Holocaust Memorial Day: Islington ‘remembers the atrocities of genocides throughout history’
PUBLISHED: 17:26 29 January 2019
The daughter of a Holocaust survivor shared his harrowing experiences with schoolchildren in the Islington Assembly Hall on Monday.
Harry Spiro’s daughter, Tracey Moses, was among speakers at the council’s event to mark Holocaust Memorial Day, which also paid tribute to victims of the Rawandan and Cambodian genocides.
Attendees heard how 10-year-old Harry and his family were forced into a ghetto after the Nazi’s invaded his native Poland in 1939 – his family were among those taken to Treblinka extermination camp to be murdered in 1942.
Speaking after the event, Tracey Moses said: “Even after the horrors he endured, my father still thinks of himself as a lucky man. As he says, ‘its not where you start in life, it’s where you finish – and I have finished very happily’.
“My father always taught us that if you’re living with hate, you’re only hurting yourself. How can you live your own life if you’re always hating others?”
Harry was moved between labour camps, including Buchenwald and Rehmsdorf in Germany, before eventually being forcibly marched to Terezín (Theresienstadt) in Czechoslovakia.
Of the 3,000 prisoners who began the march, only 270 survived.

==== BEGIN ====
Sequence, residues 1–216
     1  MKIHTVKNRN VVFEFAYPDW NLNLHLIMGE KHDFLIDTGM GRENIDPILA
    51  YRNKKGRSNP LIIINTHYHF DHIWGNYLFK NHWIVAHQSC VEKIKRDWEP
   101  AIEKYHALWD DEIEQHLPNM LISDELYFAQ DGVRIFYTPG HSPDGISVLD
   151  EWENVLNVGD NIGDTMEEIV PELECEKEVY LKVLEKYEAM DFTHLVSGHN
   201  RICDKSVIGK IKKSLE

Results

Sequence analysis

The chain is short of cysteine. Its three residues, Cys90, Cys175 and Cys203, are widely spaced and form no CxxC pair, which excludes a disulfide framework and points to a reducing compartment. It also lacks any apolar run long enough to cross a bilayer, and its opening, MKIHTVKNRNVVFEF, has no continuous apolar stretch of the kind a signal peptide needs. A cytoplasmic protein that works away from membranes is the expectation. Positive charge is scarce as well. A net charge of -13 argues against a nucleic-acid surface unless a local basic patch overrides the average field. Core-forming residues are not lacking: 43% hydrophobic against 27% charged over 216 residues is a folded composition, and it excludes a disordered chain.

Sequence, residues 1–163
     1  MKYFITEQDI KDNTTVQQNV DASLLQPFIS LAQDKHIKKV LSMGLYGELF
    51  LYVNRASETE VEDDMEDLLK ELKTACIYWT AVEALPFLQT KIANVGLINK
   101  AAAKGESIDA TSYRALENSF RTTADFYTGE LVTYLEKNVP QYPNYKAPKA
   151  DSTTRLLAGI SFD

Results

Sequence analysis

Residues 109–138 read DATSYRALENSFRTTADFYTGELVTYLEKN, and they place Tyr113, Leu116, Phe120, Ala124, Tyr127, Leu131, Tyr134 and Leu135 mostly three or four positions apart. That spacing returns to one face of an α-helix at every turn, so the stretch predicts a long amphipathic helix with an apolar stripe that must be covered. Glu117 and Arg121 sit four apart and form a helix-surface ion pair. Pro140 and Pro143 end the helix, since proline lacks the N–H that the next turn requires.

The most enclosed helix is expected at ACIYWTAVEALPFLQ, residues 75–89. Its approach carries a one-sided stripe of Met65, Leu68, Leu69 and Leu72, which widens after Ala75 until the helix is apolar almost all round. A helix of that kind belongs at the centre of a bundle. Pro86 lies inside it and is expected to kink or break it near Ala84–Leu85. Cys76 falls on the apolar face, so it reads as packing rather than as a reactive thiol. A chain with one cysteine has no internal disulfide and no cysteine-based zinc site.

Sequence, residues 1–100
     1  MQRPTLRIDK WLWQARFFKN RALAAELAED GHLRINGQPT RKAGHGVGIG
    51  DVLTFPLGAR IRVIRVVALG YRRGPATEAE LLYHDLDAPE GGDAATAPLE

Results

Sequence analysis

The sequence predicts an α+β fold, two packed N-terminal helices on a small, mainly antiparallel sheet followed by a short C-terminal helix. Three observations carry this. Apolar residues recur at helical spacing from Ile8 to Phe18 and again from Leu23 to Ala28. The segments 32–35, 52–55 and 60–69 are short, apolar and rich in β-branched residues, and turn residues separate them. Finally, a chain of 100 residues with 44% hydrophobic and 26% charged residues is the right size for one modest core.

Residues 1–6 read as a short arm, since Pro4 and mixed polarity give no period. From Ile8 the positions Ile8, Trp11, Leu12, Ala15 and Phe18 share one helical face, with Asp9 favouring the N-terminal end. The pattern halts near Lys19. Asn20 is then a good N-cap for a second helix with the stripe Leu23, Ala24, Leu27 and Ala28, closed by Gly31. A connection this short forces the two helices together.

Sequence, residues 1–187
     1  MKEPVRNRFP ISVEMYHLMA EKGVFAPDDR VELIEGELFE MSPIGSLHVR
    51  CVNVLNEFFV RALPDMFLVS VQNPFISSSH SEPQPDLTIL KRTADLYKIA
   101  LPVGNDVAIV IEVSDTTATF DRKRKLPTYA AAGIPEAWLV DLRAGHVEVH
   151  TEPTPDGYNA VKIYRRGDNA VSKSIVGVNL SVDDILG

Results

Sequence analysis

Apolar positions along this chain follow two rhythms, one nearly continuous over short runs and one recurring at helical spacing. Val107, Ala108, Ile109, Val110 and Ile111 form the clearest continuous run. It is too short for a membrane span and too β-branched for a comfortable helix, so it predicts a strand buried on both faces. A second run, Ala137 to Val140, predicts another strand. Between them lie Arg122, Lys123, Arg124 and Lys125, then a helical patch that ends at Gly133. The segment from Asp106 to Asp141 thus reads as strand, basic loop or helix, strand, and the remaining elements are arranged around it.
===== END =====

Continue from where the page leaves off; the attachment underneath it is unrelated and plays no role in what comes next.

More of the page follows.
Soviet soldiers later liberated Harry, and he came to Britain in 1945 as part of the group of teenage boys and girls who came to be known as ‘The Boys’.
Harry opened up a shop in Holloway in the 1980s specialising in men’s suits, and ran it until he retired, aged 80.
Other speakers included council leader Richard Watts, Cllr Kaya Comer-Schwartz, Jeremy Corbyn and Emily Thornberry.
Cllr Kaya Comer-Schwartz, Islington Council’s community development chief, whose grandfather was a Holocaust survivor, said: “Few of us can imagine what it actually means to be torn from home – to lose all sense of comfort and safety, to lose family, to lose absolutely everything you know.
“This year, as we remember the atrocities of the Holocaust and all genocides throughout history, we reflect on the continuing difficulties survivors face when they try to find new homes.
“For some, this means rebuilding in a place full of traumatic memories, and for others, it can mean setting up in an unfamiliar place, trying to find a place amongst strangers. That is why it is so important that we welcome people feeling violence into our communities with open hearts and offer the support they need to build new lives, and a safe home.”
The event was accompanied by music from the World Harmony Orchestra, whose musicians include refugees from around the world.